Strauss-Kahn held by police in French prostitution probe

Reuters, Tuesday 21 Feb 2012

Fromer IMF chief is summoned for questioning amid allegations of his involvement in yet another sex-related crime

Members of the media surround the car of former International Monetary Fund (IMF) as he arrives for questioning by a judge investigating the so-called "Hotel Carlton" affair in Lille (Photo: Reuters)

Former IMF chief Dominique Strauss-Kahn was taken in for questioning on Tuesday by police investigating an alleged prostitution ring run out of the northern French city of Lille.

A former finance minister once seen as a strong contender for France's 2012 presidential election, Strauss-Kahn's career and political ambitions came to an abrupt end last May after he was accused of sexually assaulting a New York hotel maid.
Strauss-Kahn made no comment to a crush of waiting reporters and photographers as he arrived by car for questioning at a Lille police station
Strauss-Kahn can be held for up to 48 hours and may then be placed under formal investigation for benefitting from misappropriated company funds.
Investigators are trying to find out whether French executives used corporate expense accounts to fund sex parties with prostitutes.
Strauss-Kahn quit his International Monetary Fund post after the New York sex assault case broke, although criminal charges were later dropped. Linked later to the Lille affair, Strauss-Kahn said that he wanted to talk to police over the case.
The investigation is focused on a prostitution ring that allegedly supplied clients of Lille's luxury Carlton hotel. Police want to establish whether Strauss-Kahn knew that women at sex parties he attended in Paris and Washington were prostitutes.
Strauss-Kahn's lawyer Henri Leclerc has said his client had no reason to think they were.
"People are not always clothed at these parties. I challenge you to tell the difference between a nude prostitute and a classy lady in the nude," Leclerc recently told French radio.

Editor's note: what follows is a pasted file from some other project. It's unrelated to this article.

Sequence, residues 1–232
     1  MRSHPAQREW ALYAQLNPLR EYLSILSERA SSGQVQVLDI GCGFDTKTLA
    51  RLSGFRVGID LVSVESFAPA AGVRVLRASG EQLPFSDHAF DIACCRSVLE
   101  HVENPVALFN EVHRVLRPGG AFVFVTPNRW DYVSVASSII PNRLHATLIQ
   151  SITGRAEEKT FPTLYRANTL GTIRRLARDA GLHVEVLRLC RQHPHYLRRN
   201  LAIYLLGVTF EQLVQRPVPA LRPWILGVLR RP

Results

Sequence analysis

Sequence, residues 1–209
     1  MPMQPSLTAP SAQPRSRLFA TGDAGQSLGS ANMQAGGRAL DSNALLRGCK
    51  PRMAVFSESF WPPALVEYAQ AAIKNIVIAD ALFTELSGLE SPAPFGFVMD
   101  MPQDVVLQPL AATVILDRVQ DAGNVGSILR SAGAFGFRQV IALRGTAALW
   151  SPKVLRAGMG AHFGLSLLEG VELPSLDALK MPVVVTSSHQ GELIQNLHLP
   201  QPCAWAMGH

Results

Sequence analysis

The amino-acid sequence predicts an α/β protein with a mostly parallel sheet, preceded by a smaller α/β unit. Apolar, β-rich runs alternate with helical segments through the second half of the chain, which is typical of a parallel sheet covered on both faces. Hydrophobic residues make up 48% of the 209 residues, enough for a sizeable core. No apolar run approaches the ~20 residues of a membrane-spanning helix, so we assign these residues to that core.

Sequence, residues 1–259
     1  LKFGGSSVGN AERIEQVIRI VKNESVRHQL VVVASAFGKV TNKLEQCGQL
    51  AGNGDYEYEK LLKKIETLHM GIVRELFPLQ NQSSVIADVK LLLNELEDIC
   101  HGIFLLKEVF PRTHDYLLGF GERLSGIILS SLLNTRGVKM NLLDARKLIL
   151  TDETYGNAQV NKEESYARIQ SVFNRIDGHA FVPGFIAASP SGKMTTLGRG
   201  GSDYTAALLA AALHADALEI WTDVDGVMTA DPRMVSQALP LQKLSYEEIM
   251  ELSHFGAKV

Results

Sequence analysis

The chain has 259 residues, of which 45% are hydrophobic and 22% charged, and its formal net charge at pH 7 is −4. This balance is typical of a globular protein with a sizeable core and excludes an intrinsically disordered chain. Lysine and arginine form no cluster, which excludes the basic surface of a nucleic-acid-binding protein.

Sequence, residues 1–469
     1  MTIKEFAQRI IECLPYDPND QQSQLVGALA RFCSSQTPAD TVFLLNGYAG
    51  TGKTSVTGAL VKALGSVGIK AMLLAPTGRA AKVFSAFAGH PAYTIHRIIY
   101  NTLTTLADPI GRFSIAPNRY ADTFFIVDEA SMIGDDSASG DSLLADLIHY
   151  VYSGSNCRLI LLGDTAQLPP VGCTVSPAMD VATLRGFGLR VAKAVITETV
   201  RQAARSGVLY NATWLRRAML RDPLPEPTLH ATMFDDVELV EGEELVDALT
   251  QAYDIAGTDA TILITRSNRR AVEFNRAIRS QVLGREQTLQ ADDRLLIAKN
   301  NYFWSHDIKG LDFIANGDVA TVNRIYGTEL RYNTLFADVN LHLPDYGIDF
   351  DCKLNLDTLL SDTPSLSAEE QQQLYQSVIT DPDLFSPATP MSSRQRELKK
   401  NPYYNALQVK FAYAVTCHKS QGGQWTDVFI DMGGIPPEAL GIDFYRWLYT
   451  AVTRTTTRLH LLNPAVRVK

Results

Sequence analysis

Eight people, including two Lille businessmen close to Strauss-Kahn and a police commissioner, have been arrested in the case, and construction firm Eiffage fired an executive suspected of using company funds to hire sex workers.
Using prostitutes is not illegal in France, but Strauss-Kahn risks being charged if investigators decide he knew the women at the sex parties were prostitutes or that company funds were used to pay them.
While his wife Anne Sinclair has revived her career as a journalist with a new job as news editor at an upcoming French-language version of the Huffington Post, Strauss-Kahn is living largely in the shadows.
Photographed occasionally out and about in Paris, recently in a scruffy dark grey anorak, he is starting to make a comeback on the international speech circuit but is otherwise rarely seen on the social circuit.
He is often parodied on the popular "Les Guignols" television program that uses puppets to satirize politicians. Strauss-Kahn is portrayed as over-sexed skirt chaser always wearing a leopard-print bathrobe.
Attempted-rape accusations brought against Strauss-Kahn last year by a Parisian writer were shelved by police in October.
The New York maid is pursuing him in a civil action.
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